“It’s been a long haul and there have been times he’s gotten right up to the door of being ready to be active and we’ve had to take a step back,” Willis said of Smith. “As frustrating as that was for him particularly, I think, we’re seeing the benefits of that now. And just doing right and doing what's right by him and not pushing him.”

Astros beat Yankees in Game 7 to advance to World Series, 4-0

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Astros beat Yankees in Game 7 to advance to World Series, 4-0

HOUSTON - Charlie Morton and Lance McCullers combined on a three-hitter, Jose Altuve and Evan Gattis homered and the Houston Astros reached the World Series, blanking the New York Yankees 4-0 Saturday night in Game 7 of the AL Championship Series.

Just four years removed from their third straight 100-loss season in 2013, the Astros shut down the Yankees for two straight games after dropping three in a row in the Bronx.

Next up for the Astros: Game 1 of the World Series against the Los Angeles Dodgers on Tuesday night. Houston aces Dallas Keuchel and ALCS MVP Justin Verlander will have plenty of rest, too, before the matchup begins at Dodger Stadium.

Houston has never won even a single World Series game. The only previous time the Astros made it this far, they were a National League team when they were swept by the Chicago White Sox in 2005.

Now, manager A.J. Hinch's club has a chance to win that elusive first title, while trying to boost a region still recovering from Hurricane Harvey.

Houston improved to 6-0 at Minute Maid Park in these playoffs and became the fifth team in major league history to win a seven-game postseason series by winning all four of its home games.

Morton bounced back from a loss in Game 3 to allow two hits over five scoreless innings. Starter-turned-postseason reliever McCullers limited the Yankees to just one hit while fanning six over the next four.

Combined, they throttled the Yankees one last time in Houston. Aaron Judge, Gary Sanchez and their New York teammates totaled just three runs in the four road games.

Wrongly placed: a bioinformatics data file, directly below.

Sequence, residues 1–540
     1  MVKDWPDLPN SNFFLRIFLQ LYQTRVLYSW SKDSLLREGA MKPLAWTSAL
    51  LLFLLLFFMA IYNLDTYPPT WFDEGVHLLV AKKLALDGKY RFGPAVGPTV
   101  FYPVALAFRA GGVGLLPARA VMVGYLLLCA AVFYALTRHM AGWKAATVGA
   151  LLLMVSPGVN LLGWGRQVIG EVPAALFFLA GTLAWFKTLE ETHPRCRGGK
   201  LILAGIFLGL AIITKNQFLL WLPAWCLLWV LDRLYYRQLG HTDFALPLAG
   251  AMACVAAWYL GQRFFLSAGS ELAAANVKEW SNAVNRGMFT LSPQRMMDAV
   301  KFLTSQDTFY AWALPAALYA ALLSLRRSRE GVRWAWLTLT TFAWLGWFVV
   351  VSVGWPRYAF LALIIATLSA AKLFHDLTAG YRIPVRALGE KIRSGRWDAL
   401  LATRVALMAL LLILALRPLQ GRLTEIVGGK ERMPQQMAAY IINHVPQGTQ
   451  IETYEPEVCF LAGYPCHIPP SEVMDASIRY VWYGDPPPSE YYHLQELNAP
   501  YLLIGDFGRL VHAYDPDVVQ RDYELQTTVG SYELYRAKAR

CC Sabathia entered the game 10-0 with a 1.69 ERA in 13 starts this season after a Yankees loss. But he struggled with command and was gone with one out in the fourth inning.

Houston was up 2-0 in fifth when former Yankees star Brian McCann came through for the second straight game by hitting a two-run double after snapping an 0-for-20 skid with an ground-rule RBI double to give Houston its first run on Friday night.

The Yankees, trying to reach the World Series for the first time since 2009, lost an elimination game for the first time this season after winning their first four in these playoffs. New York struggled on the road this postseason, with this loss dropping the team to 1-6.

Red Sox reportedly make offer to Cora

Red Sox reportedly make offer to Cora

UPDATE: The deal is for three years, per Ken Rosenthal.

BOSTON — We’re just waiting on an announcement now.

A pair of national reports on Saturday afternoon, one from FOX Sports' Ken Rosenthal... 

...And another from MLB Network and FanRagSports.com's Jon Heyman...

have firmed up Alex Cora’s expected hiring as Red Sox manager. Both reported that Cora, the Astros bench coach, is expected to take the job once Houston's season ends, which could come as soon as Saturday night after Game 7 of the American League Championship Series. 

Heyman reported a contract offer has already been made to Cora. 

A baseball source said this week that there was “not a doubt” Cora, the Astros bench coach, would wind up with the Red Sox gig. It’s unclear when exactly the offer was made to him, but one had not been made as of midday Wednesday, the source said. 

Cora, 41, a former Red Sox infielder (2005-08) who's also worked in the media and is the most sought-after managerial candidate at the moment, appeared the front-runner since the outset of what proved a small search for the Red Sox.

Earlier, Boston Globe reported that the Washington Nationals were interested in Cora after they fired Dusty Baker on Friday.